[development] Think there's a security problem in your module? Here's what to do.

David Metzler metzlerd at metzlerd.com
Thu Jan 17 05:08:38 UTC 2008

Not that it will matter in the long scheme of things but in case the  
security team is interested in feedback , I'm generally in agreement  
with DragonWize here.   I'm not in favor of holding up commits to  
code.  The only benefit is predicated on the fact that you can tell a  
security vulnerability from a bug fix based on the code that you see  
fly by.  I hope my security bugs aren't all that obvious, and as  
Derek says, this is all conjecture.  We don't actually know wether  
they'd discover it from the commt logs.

The drawback from my perspective is two fold:

1.  It definitely increases the amount of time the vulnerability is  
out there.   Vulnerabilities will be patched more slowly when they  
ONLY can be commited by the security team, who is a finite group of  
volunteer bodies. Who may or may not have the expertise to properly  
review the code, but are put in the process as if they are. This is  
not a criticism of the dedication or expertise of this wonderful  
group of people, but just a reflection of the diversity and  
complexity of all the contrib modules out there.   For example, I  
maintain a CAS single sign-on module.   Do I have to wait for a  
security team member to ramp up on what CAS is so that they can  
perform the review tasks that are inherent there to do a decent job  
of reviewing the code?

2.  It seems to take the RTBC decision out of the contrib module  
owners  hands.   When is the patch tested enough? Who decides this?  
All of the handshaking and discussion regarding this with the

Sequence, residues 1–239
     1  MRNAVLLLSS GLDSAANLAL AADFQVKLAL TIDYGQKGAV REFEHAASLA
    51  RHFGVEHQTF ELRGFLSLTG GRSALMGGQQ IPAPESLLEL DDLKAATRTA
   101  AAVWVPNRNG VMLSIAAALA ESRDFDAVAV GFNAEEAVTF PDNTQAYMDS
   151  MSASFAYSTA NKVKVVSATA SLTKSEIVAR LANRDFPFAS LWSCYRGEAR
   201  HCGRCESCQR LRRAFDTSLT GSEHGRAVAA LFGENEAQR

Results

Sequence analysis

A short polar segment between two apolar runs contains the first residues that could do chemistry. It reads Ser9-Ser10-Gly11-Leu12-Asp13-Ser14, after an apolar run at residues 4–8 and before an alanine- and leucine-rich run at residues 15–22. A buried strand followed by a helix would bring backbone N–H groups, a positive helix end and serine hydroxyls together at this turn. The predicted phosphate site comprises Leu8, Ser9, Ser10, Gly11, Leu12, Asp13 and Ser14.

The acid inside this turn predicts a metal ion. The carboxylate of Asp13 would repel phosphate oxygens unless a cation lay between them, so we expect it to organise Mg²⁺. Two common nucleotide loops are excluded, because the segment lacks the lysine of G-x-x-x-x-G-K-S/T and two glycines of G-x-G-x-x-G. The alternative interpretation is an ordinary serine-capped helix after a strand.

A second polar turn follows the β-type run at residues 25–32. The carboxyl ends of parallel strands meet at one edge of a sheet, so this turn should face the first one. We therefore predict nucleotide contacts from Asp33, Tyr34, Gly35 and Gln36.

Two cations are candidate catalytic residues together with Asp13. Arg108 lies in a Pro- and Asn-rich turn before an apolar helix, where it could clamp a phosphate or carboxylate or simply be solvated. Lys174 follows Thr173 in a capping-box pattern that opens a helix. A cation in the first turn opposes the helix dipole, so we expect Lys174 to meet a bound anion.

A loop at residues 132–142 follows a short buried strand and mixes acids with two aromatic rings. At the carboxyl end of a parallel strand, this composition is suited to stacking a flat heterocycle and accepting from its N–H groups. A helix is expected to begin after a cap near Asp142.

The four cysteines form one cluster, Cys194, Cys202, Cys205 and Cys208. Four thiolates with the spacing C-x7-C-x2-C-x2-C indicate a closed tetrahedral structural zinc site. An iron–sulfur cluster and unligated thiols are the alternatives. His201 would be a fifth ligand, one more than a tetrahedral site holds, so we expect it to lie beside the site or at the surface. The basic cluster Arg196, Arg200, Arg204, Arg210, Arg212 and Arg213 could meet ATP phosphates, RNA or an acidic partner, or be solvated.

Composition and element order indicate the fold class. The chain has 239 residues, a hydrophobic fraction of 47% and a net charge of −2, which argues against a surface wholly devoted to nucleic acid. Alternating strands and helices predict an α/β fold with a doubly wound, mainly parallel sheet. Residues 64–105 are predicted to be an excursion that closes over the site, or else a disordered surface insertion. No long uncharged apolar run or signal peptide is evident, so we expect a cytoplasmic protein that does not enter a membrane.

security team adds to the time that the vulnerability is in circulation.

When I discovered a vulnerability in my CAS module, I was in  
discussion with other maintainers, off-line of course, and not with  
the security team who had other more productive tasks to be engaged  
in.  We were the best people to make the decision about when the code  
was RTBC.  And whether other bug fixes should be included in the  
Release for the purposes of stability. Other bug fixes were included  
with the relaase that we made.

I also agree with DragonWize's assessment that decoupling the SA/RA  
from the commit will make it harder (especially if you factor in  
other bug fixes that might be included in that release)for you to  
theoretically detect a vulnerability by sniffing commit logs.

Anyway,  won't harp, but wanted others to know that it's more than  
just DragonWize that sees this perspective.

On Jan 16, 2008, at 1:36 PM, DragonWize wrote:

> Thank you Derek for your explanations. You have said a lot but let me
> focus on the area where I think we are diverging. I agree with most of
> what you are doing and understand you explanations. I just don't fully
> agree with some of them.
> Lets say for the sake of understanding that everything you say is 100%
> correct. Lets assume to be on the safe side that every hacker reads
> every line of code that comes through the cvs log. That hacker will
> know long before a fix is committed because he will know when the hole